Long-Term Care


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Related to Long-Term Care: Long-term care insurance, Long-Term Care Facilities

Long-Term Care

Long-term medical care for a debilitating but non-life threatening condition. For example, one may require long-term care if one is involved in a car accident or has a non-terminal disease that does not allow him/her to live independently. Long-term care often involves the inability to perform at least some of the activities of daily living. One may purchase long-term care insurance to pay for some of the expenses associated with long-term care.
References in periodicals archive ?
Grachek: One of College Chairman Larry Slatky's goals is closer collaboration with the trade and professional associations in long-term care.
The Ontario Nurses' Association says new legislation is missing key elements that are essential to safer long-term care environments: minimum staffing standards, improved working conditions and adequate transparency and accountability regarding how public funds are being spent.
About 40% of the nation's functionally disabled people who need long-term care are between the ages of 18 and 64.
The cost of their care is covered by programs such as Medicaid, Medicare, private health or long-term care insurance or "self financing" by patients.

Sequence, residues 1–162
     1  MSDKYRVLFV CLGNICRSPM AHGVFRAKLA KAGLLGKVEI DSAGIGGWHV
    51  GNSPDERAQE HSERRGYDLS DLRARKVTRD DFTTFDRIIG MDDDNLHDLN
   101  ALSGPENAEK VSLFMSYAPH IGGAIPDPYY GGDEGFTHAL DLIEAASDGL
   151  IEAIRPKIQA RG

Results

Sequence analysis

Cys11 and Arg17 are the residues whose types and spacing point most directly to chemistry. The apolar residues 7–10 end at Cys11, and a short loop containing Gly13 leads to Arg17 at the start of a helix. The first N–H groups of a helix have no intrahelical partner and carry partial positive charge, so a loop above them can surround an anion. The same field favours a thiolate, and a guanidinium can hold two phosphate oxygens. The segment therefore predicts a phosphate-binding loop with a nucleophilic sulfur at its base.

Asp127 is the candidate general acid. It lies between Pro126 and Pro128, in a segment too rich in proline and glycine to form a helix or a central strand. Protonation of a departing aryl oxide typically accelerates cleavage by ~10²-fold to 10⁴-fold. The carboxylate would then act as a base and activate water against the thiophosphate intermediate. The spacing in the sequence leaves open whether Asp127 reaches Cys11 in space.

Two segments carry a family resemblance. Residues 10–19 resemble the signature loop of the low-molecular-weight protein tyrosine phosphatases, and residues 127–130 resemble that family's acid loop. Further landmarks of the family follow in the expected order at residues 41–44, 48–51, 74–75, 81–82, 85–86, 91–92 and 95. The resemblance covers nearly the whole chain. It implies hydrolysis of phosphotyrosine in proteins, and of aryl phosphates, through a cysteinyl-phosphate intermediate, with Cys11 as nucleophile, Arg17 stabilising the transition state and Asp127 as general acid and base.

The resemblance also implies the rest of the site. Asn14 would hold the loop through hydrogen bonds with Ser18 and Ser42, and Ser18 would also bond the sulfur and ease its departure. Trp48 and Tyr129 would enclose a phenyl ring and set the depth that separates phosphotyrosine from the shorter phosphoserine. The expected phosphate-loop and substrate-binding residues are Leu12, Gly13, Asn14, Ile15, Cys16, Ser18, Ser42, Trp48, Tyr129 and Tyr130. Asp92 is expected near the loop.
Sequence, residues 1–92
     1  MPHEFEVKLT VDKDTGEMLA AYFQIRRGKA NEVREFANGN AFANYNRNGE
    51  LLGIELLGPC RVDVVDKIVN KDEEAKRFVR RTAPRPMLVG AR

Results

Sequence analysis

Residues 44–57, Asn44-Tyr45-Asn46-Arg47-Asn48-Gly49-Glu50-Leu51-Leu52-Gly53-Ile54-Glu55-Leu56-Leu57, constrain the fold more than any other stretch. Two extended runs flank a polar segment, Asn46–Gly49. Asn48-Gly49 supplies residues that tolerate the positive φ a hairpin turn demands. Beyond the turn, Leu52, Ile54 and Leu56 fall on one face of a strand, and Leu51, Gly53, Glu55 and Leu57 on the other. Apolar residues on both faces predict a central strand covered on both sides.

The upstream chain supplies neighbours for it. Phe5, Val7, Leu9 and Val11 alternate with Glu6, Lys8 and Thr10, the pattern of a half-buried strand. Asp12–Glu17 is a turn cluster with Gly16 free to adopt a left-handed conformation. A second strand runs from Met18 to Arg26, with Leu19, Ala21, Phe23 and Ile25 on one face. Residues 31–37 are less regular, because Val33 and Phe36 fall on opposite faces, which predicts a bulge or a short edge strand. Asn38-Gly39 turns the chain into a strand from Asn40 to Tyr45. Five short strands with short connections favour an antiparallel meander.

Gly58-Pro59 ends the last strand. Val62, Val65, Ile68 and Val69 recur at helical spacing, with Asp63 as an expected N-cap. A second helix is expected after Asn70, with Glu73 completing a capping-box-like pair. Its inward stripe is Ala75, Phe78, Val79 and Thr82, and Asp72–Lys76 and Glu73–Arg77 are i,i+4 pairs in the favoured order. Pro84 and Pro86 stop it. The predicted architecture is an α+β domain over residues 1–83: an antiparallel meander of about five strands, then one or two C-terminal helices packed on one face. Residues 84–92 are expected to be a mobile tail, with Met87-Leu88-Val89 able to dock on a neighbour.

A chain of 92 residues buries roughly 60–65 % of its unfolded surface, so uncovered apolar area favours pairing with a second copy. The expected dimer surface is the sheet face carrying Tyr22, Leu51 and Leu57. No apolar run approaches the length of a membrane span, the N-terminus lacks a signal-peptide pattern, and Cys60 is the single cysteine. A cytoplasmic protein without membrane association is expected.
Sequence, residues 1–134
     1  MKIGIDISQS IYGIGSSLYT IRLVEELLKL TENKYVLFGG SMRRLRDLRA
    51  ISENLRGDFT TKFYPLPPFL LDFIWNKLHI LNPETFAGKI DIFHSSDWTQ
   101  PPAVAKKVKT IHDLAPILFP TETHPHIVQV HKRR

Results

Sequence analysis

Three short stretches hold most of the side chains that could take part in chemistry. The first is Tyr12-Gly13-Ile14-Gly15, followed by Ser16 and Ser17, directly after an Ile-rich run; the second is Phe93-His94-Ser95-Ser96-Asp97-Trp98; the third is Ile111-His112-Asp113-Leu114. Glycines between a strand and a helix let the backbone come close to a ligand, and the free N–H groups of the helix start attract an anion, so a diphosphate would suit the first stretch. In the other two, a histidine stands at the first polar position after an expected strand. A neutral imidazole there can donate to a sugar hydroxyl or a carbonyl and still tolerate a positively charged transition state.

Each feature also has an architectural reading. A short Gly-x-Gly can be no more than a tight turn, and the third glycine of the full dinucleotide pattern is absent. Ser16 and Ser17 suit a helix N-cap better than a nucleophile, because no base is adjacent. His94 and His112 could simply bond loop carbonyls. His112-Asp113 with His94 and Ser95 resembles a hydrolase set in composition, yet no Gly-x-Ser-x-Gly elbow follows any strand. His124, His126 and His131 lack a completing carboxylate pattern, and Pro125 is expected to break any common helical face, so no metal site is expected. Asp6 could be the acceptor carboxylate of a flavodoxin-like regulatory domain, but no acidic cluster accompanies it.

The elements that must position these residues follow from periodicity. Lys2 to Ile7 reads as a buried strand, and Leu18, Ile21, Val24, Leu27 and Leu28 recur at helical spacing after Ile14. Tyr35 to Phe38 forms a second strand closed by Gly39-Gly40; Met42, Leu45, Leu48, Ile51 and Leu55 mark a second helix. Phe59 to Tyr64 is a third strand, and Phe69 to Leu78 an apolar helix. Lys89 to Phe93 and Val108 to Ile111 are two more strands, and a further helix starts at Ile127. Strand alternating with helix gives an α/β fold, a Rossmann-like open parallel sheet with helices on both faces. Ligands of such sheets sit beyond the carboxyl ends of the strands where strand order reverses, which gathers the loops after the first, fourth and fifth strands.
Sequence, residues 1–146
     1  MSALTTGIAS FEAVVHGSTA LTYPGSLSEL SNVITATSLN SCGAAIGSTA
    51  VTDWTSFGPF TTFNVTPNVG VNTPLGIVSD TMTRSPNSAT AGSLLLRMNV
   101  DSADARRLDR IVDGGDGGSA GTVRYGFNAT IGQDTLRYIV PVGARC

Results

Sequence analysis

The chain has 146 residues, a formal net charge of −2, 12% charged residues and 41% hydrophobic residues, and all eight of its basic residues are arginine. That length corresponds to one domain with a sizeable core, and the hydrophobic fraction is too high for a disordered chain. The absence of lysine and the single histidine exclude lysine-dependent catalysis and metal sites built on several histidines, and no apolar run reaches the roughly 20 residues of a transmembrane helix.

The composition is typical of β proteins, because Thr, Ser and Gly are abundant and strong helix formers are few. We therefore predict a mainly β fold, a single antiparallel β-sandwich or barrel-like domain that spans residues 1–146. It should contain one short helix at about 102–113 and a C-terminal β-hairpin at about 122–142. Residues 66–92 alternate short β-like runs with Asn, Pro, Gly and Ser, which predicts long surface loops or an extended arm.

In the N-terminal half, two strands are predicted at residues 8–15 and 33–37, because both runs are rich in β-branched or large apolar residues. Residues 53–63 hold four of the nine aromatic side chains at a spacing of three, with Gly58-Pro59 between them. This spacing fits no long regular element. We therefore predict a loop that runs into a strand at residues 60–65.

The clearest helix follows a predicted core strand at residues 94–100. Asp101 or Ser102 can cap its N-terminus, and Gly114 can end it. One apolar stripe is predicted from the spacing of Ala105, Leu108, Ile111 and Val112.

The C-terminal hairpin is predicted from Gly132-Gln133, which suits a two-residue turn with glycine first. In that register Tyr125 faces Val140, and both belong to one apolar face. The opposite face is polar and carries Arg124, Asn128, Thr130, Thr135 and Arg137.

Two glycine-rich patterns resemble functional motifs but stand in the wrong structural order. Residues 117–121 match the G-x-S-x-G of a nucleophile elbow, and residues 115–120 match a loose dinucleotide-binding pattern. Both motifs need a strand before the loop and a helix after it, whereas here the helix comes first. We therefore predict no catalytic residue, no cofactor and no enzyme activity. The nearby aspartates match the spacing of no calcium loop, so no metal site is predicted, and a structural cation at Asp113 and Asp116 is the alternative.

Wrong,'' said Ron Barkley, a Los Angeles elder law attorney who specializes in navigating long-term care financing.
PharMetica offers long-term care facilities a comprehensive pharmacy strategy that is client-oriented and full-service.
More people receive Medicaid long-term care services in the community, but the lion's share of spending is on expensive, institutional services.
And some long-term care companies have filed bankruptcy or sold facilities, further harming the entire market and eroding society's ability to provide the best care for its elders.
Giving renewed life to the profession's credibility will, in the long run, reverse the downward spiral into which inappropriate litigation has brought to the field of long-term care.

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